- Environmental Services
- What We Do
- Stormwater Quality
- Stormwater Quality Programs
- Clean Pavement Initiative
Clean Pavement Initiative
The goal of the Clean Pavement Initiative is to voluntarily encourage pavement sealant choices that are more protective of water quality in Springfield. The Initiative is a cooperative effort of the City of Springfield and participating sealant industry professionals to educate customers on the pros and cons of sealant types to allow them to make an informed choice.
By committing to this program...
Businesses who choose to use asphalt-based sealant when sealing their parking lots can elect to help educate their customers about the water quality benefits of this choice through parking lot signage supplied by the City that provides positive recognition for the business and the sealant industry professional.
Citizens who choose to use asphalt-based sealant when sealing their driveways can elect to showcase the water quality benefits of this choice through a Clean Pavement Initiative yard plaque supplied by the City.
Participate in the Clean Pavement Initiative by completing a commitment form.
What's in YOUR Parking lot?
Sealant used to coat asphalt pavement in parking lots and driveways comes in three common varieties: coal-tar-based (also called refined tar),asphalt-based (also called asphalt emulsion), and steam-cracked petroleum-based. All three varieties of sealant contain polycyclic aromatic hydrocarbons (PAHs), which are a group of chemicals created by heating or burning materials that contain carbon. Coal-tar-based sealant contains much higher concentrations of PAHs than the other two types. Asphalt-based sealants typically contain the lowest concentrations of PAHs and are therefore the focus of the Clean Pavement Initiative. Steam-cracked petroleum sealants are also a lower-PAH alternative to coal-tar-based sealants.
PAHs are a potential environmental concern because some studies have shown that they can be toxic to fish, wildlife, and invertebrate species that live in streams and are the base of the food chain.
PAHs in Springfield
There are many sources of PAHs in urban environments including tire particles, motor oil, and vehicle exhaust. However, some studies have identified coal-tar-based sealant as a major source of PAHs in urban environments. When it rains, sealant particles from parking lots and driveways can be washed into local streams. In Springfield, some streams have been identified by the Missouri Department of Natural Resources as impaired for PAHs.
Frequently Asked Questions
Who is eligible to make the clean pavement commitment?
Any owner of asphalt pavement can make the commitment to choose asphalt-based sealant the next time they plan to seal their pavement. The owner can commit at the time of resealing with asphalt-based sealant or commit now for future sealant choices.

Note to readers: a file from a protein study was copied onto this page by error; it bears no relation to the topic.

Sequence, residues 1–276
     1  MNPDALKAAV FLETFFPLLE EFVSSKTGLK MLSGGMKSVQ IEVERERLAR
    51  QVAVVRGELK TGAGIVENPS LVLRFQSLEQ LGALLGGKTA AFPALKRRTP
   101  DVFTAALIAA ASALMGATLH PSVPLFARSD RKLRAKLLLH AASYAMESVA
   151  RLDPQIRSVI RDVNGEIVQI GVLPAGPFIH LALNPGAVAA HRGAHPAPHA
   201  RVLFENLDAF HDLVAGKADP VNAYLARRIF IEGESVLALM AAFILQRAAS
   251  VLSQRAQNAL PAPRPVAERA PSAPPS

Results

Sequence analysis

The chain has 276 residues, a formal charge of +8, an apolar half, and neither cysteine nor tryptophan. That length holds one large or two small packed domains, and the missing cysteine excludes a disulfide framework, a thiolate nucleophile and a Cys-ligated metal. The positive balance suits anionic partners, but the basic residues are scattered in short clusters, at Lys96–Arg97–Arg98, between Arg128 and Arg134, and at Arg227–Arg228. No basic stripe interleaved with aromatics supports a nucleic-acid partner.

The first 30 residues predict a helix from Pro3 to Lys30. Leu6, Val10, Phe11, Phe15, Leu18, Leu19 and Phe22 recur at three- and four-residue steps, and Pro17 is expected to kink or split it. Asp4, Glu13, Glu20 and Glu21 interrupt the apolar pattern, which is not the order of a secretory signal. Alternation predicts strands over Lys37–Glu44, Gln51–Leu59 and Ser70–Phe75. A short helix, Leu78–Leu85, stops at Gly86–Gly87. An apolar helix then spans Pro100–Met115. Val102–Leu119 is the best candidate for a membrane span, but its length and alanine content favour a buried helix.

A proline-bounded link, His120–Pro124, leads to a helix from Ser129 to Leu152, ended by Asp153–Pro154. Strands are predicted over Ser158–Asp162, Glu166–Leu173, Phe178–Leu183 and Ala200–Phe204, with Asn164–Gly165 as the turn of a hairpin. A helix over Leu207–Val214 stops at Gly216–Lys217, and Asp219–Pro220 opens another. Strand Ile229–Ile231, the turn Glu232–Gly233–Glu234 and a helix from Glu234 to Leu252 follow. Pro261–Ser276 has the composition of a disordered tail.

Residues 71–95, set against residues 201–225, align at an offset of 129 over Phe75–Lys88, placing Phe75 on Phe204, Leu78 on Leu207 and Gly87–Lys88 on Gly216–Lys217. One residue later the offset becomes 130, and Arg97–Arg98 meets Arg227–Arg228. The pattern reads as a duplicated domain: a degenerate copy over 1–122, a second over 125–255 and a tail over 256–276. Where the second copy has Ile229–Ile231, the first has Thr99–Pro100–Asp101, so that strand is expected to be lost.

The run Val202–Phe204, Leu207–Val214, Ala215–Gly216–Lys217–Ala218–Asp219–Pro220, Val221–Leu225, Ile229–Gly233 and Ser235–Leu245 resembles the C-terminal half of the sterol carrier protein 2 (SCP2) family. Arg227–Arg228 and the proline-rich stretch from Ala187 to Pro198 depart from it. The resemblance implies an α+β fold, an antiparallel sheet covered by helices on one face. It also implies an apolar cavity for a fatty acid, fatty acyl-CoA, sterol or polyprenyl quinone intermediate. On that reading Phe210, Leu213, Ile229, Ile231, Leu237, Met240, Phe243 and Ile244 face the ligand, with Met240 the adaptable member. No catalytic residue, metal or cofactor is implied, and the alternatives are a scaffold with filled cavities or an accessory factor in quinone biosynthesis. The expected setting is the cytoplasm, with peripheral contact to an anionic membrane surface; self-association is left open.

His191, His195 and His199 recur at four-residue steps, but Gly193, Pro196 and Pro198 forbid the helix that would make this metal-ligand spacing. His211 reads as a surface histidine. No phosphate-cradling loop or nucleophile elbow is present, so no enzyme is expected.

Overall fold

How do asphalt pavement owners sign up?
Make the commitment for your parking lot or driveway by completing a commitment form.
How do participants get a sign?
Participants can choose whether or not they want a sign. The City will supply a sign to the owner along with a companion sign recognizing the industry sealant professional, if that information has been provided. The owner is responsible for installing the sign. Participants can also choose not to receive a sign.
How do sealant industry professionals participate?
To participate, sealant industry professionals agree to offer asphalt-based sealant (i.e. asphalt emulsion) as an option to their customers and educate them by providing the Clean Pavement Initiative program brochure supplied by the City. They also agree to provide annual data to the City on the amount and types of sealant applied in Springfield so the effectiveness of this program can be tracked over time. This voluntary commitment does not prevent the sale or use of other types of sealant.
Sign up as a participating professional.
What about concrete pavement?
Concrete pavement does not need sealed and therefore is a good choice for reducing PAHs in the environment. The Initiative commends owners of concrete pavement for helping to reduce PAHs. To focus on reducing the use of coal-tar-based asphalt sealants, the commitment and signage is only available to asphalt pavement owners.
Business Program Commitments
Missouri state university
Island Park Properties LLC
Mihlfeld & Associates, inc.
Participating Professional Commitments
Coal Tar Sealant Information
In November 2009, the Springfield-Greene County Environmental Advisory Board presented City Council with a letter regarding the board’s concerns about the use of coal tar-based pavement sealants. The issue was referred to the City Council Community Involvement Committee for further consideration.